This is a highly participatory meal, a major feature of much of the traditional dishes of Korea. In your own bowl of rice, pile the soft poached eggs on top and then layer in all these incredible pickled vegetables. Reaching here, asking for a bit of that over there, talking and experiencing together, but making it uniquely your own. Oh, and hand me the gochujang hot sauce. The gochujang is a chili paste fermented with sweet rice and is worth searching out if you want a taste of South Korea. We sat on the floor at a low table, low enough that I sat on the end to allow my legs to stick out the side. Immediately to my right was a table of two Korean gentlemen, each in a flannel shirt, wearing blue jeans, and topping their outfits off with bedazzled cowboy hats.
And then out comes a full bottle of Jack Daniels. No, not full. Just half full, but clearly it had been full to start their lunch and they insisted good-naturedly in sharing. Straight, in a small tin cup, then “Geonbae!” Cheers, or literally “empty glass”. Nothing like getting a good base of rice, eggs, and hot sauce in the belly before drinking straight Tennessee whiskey for lunch. Know what I mean?
Another day we enjoyed the build-your-own adventure of bulgogi, table side barbeque of tenderized beef, served with more pickled and fresh vegetables with lettuce leaves as the delivery vehicle for all this flavor.
Here I finally drank a Korean beer, Hite, and as you might suspect from the picture above, it is refreshing and very light. They call it a pale lager, and it is made with rice, so the flavor profile is similar to Budweiser, but even a bit less hops.
Beer is popular, but the real star of the alcoholic beverage pantheon in South Korea is soju, an inexpensive, vodka-like beverage. It can range anywhere from 10 to 50 proof, and like the tradition of gin, it involves a number of additives to cover the pure alcohol burn, but unlike the pine and herbaceous notes in gin, soju tends toward to fruit and sweet notes. Chilled ice cold, it drinks like a crisp white wine and gets you drunk like tequila, so beware. A nice salty snack is the perfect complement, and tiny corner markets cater to just such a taste.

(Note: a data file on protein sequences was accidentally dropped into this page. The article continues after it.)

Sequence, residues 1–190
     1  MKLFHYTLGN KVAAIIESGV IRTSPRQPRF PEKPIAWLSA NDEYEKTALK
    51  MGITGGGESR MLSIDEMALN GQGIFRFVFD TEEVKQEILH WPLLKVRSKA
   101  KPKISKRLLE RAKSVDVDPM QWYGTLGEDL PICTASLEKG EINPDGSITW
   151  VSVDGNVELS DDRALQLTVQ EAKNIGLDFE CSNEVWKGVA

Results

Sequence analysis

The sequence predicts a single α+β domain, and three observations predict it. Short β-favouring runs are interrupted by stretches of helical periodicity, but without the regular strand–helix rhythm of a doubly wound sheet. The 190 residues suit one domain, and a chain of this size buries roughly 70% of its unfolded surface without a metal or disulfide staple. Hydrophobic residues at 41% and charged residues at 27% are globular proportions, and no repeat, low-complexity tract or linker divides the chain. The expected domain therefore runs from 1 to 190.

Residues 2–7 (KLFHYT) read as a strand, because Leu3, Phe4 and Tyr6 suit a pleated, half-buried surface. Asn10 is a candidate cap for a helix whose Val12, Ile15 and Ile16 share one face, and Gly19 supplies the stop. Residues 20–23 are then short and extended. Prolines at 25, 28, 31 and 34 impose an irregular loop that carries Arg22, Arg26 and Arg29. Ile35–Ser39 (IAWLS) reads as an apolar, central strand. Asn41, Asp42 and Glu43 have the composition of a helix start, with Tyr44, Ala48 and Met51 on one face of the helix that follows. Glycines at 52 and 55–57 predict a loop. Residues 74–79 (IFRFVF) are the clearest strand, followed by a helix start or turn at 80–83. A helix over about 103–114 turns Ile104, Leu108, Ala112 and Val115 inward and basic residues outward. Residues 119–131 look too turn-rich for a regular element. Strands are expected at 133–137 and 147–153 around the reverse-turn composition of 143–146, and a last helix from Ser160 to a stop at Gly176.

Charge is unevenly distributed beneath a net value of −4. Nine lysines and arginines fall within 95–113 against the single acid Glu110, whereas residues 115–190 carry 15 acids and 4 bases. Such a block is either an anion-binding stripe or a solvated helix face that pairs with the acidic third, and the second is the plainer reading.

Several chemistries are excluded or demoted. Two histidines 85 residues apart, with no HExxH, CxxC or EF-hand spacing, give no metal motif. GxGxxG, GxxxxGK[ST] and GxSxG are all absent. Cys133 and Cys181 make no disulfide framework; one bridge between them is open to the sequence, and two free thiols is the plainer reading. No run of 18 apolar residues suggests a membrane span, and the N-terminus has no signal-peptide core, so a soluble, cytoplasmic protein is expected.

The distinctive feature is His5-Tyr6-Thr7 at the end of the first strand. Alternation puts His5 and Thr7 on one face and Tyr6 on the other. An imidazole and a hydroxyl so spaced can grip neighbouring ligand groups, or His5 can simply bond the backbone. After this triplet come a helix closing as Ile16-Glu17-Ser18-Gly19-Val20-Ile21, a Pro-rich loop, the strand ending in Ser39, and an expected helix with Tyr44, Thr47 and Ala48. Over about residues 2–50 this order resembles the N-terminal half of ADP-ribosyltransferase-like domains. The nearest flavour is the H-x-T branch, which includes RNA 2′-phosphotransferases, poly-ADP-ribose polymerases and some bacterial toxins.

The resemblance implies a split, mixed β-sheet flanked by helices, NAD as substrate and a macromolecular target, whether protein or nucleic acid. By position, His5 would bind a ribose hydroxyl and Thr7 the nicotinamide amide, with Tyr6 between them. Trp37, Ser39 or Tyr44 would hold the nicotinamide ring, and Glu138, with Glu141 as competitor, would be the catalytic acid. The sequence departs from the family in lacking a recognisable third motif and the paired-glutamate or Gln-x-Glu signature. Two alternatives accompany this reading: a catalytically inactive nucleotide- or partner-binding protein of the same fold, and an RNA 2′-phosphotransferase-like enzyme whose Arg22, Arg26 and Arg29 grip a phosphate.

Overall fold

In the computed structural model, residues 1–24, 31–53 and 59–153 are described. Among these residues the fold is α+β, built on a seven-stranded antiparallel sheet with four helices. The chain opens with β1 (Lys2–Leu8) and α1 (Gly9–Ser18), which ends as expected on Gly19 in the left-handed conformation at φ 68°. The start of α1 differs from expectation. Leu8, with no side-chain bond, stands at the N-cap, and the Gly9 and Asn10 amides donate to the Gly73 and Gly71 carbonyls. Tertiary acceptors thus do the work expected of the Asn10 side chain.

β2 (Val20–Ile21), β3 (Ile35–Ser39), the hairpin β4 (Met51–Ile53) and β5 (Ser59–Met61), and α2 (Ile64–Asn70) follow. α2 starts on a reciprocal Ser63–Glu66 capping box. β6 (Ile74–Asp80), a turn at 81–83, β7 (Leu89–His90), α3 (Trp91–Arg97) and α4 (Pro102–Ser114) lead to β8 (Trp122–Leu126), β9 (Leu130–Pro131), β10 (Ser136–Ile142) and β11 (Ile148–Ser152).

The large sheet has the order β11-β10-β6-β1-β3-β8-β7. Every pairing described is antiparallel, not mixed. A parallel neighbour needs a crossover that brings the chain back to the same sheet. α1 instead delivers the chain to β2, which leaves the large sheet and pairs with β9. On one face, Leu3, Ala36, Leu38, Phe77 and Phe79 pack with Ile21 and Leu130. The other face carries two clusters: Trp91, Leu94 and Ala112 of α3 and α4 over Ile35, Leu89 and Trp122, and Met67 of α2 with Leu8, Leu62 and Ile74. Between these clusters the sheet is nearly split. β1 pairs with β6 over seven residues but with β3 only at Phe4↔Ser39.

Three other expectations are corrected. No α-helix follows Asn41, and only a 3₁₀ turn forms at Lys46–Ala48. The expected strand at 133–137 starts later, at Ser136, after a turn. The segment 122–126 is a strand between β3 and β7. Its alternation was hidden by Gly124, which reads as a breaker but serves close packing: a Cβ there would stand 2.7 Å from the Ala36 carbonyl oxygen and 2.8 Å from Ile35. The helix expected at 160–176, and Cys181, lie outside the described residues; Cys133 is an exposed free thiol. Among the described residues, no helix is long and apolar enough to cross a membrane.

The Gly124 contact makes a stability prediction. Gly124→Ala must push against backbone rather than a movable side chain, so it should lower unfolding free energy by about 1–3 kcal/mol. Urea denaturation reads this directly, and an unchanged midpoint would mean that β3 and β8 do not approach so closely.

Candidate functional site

As we approach, we catch a glimpse of the makeshift kitchen, really just storage crates blocking out the breeze so the tiny charcoal stove can heat the snacks. It isn’t entirely clear what they are at this point. Also, why is there an industrial press in the front entry way?
All is revealed after we sit down on our plastic chairs at folding tables. A round of drinks, mostly soju, but more Hite lager for me, and then our snack.
Now the industrial press makes sense. This is pollack, salt-dried, and pounded. It is cracker-dry and pulls apart into stringy clumps, the toasted saltiness with a fish aftertaste. The dipping sauce is sesame seed, green onion, a sweet soy based sauce and a dollop of mayonnaise. Why mayonnaise? I don’t know. South Koreans have a love of all sorts of French inspired dishes, most notably French-style pastries. The mayo/soy combination also shows up later in our trip on a Korean version of Takoyaki, the Japanese street food made with octopus.